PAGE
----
‘Populists are not by definition wrong’

Experts warn it is crucial for a well-functioning democracy to consider people not as a uniform bloc but a multitude of different views and opinions Martin Parr / Magnum Photos

Surges in support for authoritarian politicians around the world have raised eyebrows among experts on democratic government. Nonetheless, political scientist Daniel Kübler remains cautiously optimistic in an interview with

This content was published on June 15, 2017 - 16:53

A major multidisciplinary research project has taken a close look at the challenges for democracy in the 21st century in the context of populism, globalisation and the increasing role of the media.

KüblerExternal link, a professor of political science at the University of Zurich, has led the project over the past five years. Are you very worried about the state of democracies around the world?

Daniel Kübler: I’m concerned about democracies in the Western world. Less than 30 years ago, when we were at the height of the third wave of democratisation and after the fall of the Berlin Wall, it was generally agreed that this was the triumph of Western liberal democracy. Some academics even declared it is the “end of history”.

Three decades later, we have the president of the United States – the oldest liberal democracy in the world – openly questioning some of the rules of American liberal democracy, such as the separation of powers. The election of Donald Trump is no surprise as such but it is a combination of trends observed in other established democracies.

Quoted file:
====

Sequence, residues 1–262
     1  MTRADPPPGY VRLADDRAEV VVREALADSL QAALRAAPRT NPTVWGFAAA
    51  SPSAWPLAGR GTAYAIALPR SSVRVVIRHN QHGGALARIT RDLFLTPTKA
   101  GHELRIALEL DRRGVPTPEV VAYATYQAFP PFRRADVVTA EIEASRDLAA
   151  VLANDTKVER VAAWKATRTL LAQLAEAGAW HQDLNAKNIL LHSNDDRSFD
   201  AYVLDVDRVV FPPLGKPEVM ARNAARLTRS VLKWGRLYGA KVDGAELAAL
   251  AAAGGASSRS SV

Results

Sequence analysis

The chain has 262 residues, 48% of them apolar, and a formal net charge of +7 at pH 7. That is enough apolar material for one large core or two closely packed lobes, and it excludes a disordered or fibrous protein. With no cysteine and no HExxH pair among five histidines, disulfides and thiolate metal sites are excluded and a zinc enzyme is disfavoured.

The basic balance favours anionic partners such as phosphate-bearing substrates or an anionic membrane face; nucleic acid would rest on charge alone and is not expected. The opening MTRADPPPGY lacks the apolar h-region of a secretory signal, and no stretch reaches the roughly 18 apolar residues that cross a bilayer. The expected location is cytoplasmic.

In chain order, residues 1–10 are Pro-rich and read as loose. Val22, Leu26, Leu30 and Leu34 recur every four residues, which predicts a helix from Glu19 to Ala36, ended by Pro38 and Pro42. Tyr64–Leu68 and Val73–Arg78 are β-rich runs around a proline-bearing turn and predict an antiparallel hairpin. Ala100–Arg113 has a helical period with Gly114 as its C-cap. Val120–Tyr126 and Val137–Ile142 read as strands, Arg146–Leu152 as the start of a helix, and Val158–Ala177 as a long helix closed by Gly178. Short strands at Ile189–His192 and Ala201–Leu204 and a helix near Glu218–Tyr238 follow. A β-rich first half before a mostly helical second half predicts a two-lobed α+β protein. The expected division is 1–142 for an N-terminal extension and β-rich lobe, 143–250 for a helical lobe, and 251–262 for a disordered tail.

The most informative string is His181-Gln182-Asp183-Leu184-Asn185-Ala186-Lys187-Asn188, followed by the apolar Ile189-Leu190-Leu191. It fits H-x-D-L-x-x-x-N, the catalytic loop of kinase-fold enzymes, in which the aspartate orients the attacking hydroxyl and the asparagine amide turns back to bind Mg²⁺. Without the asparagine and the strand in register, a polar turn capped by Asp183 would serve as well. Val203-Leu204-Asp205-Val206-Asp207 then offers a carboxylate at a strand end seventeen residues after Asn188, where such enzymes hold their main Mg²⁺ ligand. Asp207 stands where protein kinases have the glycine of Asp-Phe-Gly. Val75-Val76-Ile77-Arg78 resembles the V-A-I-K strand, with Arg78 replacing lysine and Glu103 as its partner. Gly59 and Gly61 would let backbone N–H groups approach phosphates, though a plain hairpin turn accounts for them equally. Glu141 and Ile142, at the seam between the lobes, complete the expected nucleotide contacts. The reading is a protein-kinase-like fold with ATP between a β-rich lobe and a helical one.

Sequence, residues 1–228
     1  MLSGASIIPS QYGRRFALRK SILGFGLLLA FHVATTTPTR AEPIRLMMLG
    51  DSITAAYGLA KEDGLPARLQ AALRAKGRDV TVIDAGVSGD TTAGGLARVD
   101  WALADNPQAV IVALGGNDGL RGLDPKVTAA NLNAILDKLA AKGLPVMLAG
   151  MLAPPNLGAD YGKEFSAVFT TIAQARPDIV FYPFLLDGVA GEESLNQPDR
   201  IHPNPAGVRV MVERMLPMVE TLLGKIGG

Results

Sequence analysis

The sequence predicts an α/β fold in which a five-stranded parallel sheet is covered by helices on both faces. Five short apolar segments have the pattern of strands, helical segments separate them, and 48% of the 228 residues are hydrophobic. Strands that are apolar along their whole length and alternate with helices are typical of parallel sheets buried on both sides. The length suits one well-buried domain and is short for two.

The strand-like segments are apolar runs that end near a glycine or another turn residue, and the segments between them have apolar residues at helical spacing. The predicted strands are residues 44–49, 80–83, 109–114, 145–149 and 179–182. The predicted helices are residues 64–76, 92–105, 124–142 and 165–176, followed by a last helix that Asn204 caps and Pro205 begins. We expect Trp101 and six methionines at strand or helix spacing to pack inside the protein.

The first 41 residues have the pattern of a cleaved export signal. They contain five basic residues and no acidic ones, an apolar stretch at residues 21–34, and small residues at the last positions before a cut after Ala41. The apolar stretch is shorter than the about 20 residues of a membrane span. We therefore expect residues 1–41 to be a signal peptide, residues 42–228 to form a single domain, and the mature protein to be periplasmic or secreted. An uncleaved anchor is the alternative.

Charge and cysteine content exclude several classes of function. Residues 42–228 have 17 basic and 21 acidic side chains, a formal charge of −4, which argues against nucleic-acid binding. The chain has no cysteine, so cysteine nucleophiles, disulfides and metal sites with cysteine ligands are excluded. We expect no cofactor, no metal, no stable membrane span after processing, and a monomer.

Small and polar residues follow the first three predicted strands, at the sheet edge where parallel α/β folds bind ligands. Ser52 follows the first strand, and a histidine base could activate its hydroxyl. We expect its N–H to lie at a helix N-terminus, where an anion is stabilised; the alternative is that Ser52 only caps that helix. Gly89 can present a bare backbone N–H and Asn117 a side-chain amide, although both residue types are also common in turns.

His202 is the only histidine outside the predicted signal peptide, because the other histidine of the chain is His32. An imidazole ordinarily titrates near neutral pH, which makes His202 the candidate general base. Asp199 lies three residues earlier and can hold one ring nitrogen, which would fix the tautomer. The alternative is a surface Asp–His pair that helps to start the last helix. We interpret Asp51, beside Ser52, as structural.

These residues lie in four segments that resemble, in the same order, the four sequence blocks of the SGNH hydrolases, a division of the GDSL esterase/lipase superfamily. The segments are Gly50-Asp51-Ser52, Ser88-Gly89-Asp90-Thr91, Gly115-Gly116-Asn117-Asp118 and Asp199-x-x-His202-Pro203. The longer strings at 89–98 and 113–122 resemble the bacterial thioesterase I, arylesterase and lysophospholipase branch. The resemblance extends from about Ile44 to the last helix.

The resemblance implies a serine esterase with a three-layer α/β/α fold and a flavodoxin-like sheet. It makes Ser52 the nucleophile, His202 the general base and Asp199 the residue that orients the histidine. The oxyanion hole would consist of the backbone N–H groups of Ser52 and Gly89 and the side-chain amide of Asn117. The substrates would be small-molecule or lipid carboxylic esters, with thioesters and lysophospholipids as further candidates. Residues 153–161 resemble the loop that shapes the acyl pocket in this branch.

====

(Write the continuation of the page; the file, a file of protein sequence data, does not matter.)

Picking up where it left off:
Kübler has been director of the NCCR Democracy research project over the past five years

Take France. Never in its history has there been such an authoritarian and populist candidate [Marine Le Pen] so close to winning the presidency. The same goes for Austria where the rightwing populist candidate [Norbert Hofer] lost by a narrow margin.

Populists are in power in Poland and Hungary where they have started dismantling some of the most important principles of the rule of law. What about the rest of the world outside Europe?

D.K.: There is less cause for concern when you look at the sheer number of democracies across the world as the idea has been spreading. At least if we define democracy as a political system where the most important government offices are filled by holding contested elections based on universal suffrage.

The political ideal of democracy even enjoys support among people in China despite the increasingly harsh repression by the regime in Beijing. How much of a threat to democracy is populism, as mentioned as a key factor in France and other Western countries?

D.K.: Populism is made up of three elements as research has established. First, criticism of the elite; second, a romantic notion of the people as intrinsically good.

This article is part of #DearDemocracy, the platform for direct democracy of

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These two elements alone are no danger to democracy, because it must be possible to criticise the leadership in a democratic system. There is nothing wrong about giving people a say in how their country should be governed.

However, what is dangerous for democracy is “bloc thinking”: imposing a false unity on people and on the elite. It’s tantamount to ignoring differences of opinion within a group.

Populists want to exclude minority positions, saying they are not part of “the people”. A case in point is how rightwing populists perceive immigrants as not belonging to “the people”.